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In the Matter of the Arbitration

of a Dispute Between




Case 164

No. 42154



Previant, Goldberg, Uelmen, Gratz, Miller & Brueggeman, S.C., Attorneys at Law, by Mr. William S. Kowalski, appearing on behalf of the Union.

Mr. Mel Bollom, Personnel Director, appearing on behalf of the County.


General Teamsters Union, Local 662, hereinafter referred to as the Union, and Chippewa County, hereinafter referred to as the County, are parties to a collective bargaining agreement which provides for the final and binding arbitration of disputes arising thereunder. The parties jointly requested that the Wisconsin Employment Relations Commission designate a member of its staff to act as an arbitrator to hear and decide a grievance involving the meaning and application of the terms of the agreement. The undersigned was so designated. A hearing was held in Chippewa Falls, Wisconsin on June 6, 1989. The hearing was not transcribed and the County filed a post-hearing brief on June 26, 1989. No brief was filed by the Union.


The grievant suffers from allergies and has received certain treatment for these since 1974. The treatment involves sublingual, intracutaneous and subcutaneous provocation neutralization testing, end point skin titration, IGG RAST and sublingual antigen treatments. The cost of these treatments was initially paid for by the County's insurer, Rural Security, and later by the County, after it became self-insured on October 1, 1983. By a letter dated January 20, 1989, the grievant was informed by the County's third party administrator for its health insurance that as of February 20, 1989 coverage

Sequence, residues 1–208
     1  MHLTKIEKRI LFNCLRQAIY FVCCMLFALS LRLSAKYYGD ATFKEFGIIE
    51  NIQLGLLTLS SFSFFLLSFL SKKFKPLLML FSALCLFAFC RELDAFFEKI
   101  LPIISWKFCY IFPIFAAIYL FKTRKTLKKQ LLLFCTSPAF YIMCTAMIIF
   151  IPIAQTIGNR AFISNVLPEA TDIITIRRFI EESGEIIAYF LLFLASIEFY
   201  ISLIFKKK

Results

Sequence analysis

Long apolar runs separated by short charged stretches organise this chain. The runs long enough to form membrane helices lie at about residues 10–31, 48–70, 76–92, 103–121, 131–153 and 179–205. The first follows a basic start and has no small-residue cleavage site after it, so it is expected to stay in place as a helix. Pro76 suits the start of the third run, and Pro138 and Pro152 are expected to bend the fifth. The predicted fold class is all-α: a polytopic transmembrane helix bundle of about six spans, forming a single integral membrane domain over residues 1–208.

for this type of treatment would no longer be available. The reason for this action was a position statement approved by the Executive Committee of the American Academy of Allergy and Immunology published in August, 1986, which concluded referring to the treatment in question that "an objective evaluation of the diagnostic and therapeutic principles used to support the concept of clinical ecology indicates that it is an unproven and experimental methodology". The County indicated that it would not pay any further amounts based on the Limitations and Exclusions clause in its insurance contract because these treatments were not medically necessary for diagnosis or treatment. The grievant filed a grievance which is the subject of the instant arbitration.


The parties stipulated to the following:

Did the County violate the collective bargaining agreement by not continuing payment for the type of coverage in question?

If so, what is the remedy?




Section 1. Full time employees shall be offered the equivalent of existing group hospital/surgical/medical insurance in effect January 1, 1983 with pre-existing conditions for new employees remaining in effect. The County shall pay one hundred (100%) percent of the single premium and eighty-five (85%) percent (100% effective 7-1-86) of the family premium of those employees electing to take such coverage. A $50.00 per person or maximum $100.00 per family deductible provision to the basic health insurance program (not Major Medical) pre-existing conditions for new employees, reimbursement of medical bills for covered employees up to $50.00 per year (to be paid on one check in December), second opinion for non-emergency surgery and same-day surgery provisions shall be as per Health Insurance booklet.

Section 2. The employees and/or representatives may avail themselves of appropriate hearing procedures or legal proceedings separate from this Contract if denied health insurance.